Gordon finished with a career-high 64 receiving yards on the day, one week removed from a record-setting 408-yard performance against Nebraska.

“He made a huge play today at the end there,” UW head coach Gary Andersen said. “He caught a couple of balls that were big difference makers for us. He’s another weapon in the throw game, which is tough to deal with.”

Two plays later, Gordon rushed for the second of his two touchdowns from 23 yards out, and Gaglianone’s extra point made it a two-score game again at 26-17 with 7:44 left in the game.

But once again Rudock responded, leading his team to its third touchdown in as many drives on the next drive, this time on a nine-yard pass to Duzey. Wisconsin killed the final five minutes of clock thanks to the rushing heroics of Stave and Gordon, and sent the majority of the Kinnick Stadium crowd home disappointed.

Rudock finsished the day 20-for-30 and threw for 311 yards. The two squads had similar team numbers, as Iowa outgained Wisconsin 412-405 and the Hawkeyes ran two more plays than UW (58-56).

“We still got a lot of work to do, especially for the defensive side,” senior linebacker Marcus Trotter, who had eight tackles, said. “We really pride ourselves as the number one defense in the country, and today we do not show that.”

Wisconsin’s first touchdown of the game came with the score tied 3-3 in the beginning of the second quarter. UW trotted out McEvoy in a full-house shotgun formation, with Gordon to his right, Corey Clement on his left and Kenzel Doe as the tailback. McEvoy faked it to Gordon, and a band of Hawkeyes dropped Gordon in the backfield, unleashing a roar from the crowd.

Problem for Iowa was, Gordon didn’t have the ball.

Instead, McEvoy had kept the ball and was well on his way to the end zone for a 45-yard touchdown run before the majority of the Iowa defense realized what had happened. Gaglianone missed his extra point attempt though, only extending UW’s lead to 9-3.

“We needed a touchdown, we needed a score of some sort,” McEvoy said. “My number’s called, and we executed. Honestly it’s not like I made a spectacular play, it was pretty well blocked.”

In a close game, Gaglianone’s miss could’ve proved costly.

“My head came out too quick,” Gaglianone said. “It was a little mistake that was easily corrected and already went through with my coach.”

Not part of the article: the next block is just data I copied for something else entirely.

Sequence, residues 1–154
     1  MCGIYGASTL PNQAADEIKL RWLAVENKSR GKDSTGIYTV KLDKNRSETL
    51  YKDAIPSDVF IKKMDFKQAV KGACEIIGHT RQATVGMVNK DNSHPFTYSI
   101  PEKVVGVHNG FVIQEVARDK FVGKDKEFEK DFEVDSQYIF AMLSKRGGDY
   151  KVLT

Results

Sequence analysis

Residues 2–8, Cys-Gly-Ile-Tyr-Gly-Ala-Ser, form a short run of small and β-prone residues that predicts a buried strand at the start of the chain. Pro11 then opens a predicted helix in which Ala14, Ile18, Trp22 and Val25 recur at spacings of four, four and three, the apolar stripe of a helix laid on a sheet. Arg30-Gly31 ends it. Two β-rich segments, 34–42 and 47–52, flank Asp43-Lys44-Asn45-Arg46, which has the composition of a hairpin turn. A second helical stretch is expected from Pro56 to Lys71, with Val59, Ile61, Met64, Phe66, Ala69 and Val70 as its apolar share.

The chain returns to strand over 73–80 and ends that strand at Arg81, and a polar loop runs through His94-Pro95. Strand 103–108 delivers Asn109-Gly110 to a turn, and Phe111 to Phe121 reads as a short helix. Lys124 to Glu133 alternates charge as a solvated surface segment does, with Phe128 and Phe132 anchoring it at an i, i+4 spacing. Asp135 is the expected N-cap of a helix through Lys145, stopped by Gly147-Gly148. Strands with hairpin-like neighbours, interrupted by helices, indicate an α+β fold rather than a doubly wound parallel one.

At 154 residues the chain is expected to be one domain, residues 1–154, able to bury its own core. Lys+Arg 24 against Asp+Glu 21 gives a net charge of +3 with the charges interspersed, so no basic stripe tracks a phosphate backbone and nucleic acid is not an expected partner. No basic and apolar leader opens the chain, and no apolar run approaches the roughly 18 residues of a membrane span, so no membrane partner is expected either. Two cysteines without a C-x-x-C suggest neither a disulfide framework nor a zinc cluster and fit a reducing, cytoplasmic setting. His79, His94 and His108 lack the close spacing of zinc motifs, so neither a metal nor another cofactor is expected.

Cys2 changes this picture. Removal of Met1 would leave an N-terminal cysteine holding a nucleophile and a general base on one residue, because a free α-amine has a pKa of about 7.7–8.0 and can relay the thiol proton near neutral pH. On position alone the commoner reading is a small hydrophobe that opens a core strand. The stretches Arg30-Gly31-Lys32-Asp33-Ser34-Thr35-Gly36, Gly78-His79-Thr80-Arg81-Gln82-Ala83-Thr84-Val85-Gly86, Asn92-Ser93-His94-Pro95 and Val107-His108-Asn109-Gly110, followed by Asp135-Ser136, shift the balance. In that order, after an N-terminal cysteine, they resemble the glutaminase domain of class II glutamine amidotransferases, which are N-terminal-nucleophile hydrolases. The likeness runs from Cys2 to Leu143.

But it was his big boot that proved to be the difference maker between a win and a loss for the Badgers.

The freshman kicker drilled a 50-yard field goal attempt on UW’s first drive, which came after Caputo forced and recovered a fumble on Iowa’s second play from scrimmage, setting the tone for the hard-hitting, defensive battle the first half would be.

Gaglianone thanked his teammates and coaches for supporting him despite the missed extra-point.

“It definitely feels good knowing that the team has your back,” he said.

Wisconsin increased it’s 9-3 lead just before halftime, when Gordon scored for the first time on a six-yard run to cap off a 12-play, 73-yard drive, and the Badgers took a 16-3 lead into the half.

Gordon became the fastest player to eclipse the 2,000-yard mark in a single-season, as he needed only 241 attempts reach the feat. With his 200 yards on 31 carries Saturday, he tied Ron Dayne’s Big Ten single-season record of 2,109 but said it was a real battle against Iowa’s front seven.

“It’s a war. A bloodbath, man. Those guys are physical,” Gordon said. “Not only are they physical, they’re smart as well. They contained. They made plays today. We just made more.”

The victory marked the first time in more than two years Wisconsin has won a game by less than 10 points, and Andersen commended his players for pulling out the win.

“They found a way to get it done,” Andersen said. “Winning close games is maybe not so good for a coach’s health, but it’s good for a team to get in that situation and battle and fight. I never doubted that they were gonna be there.”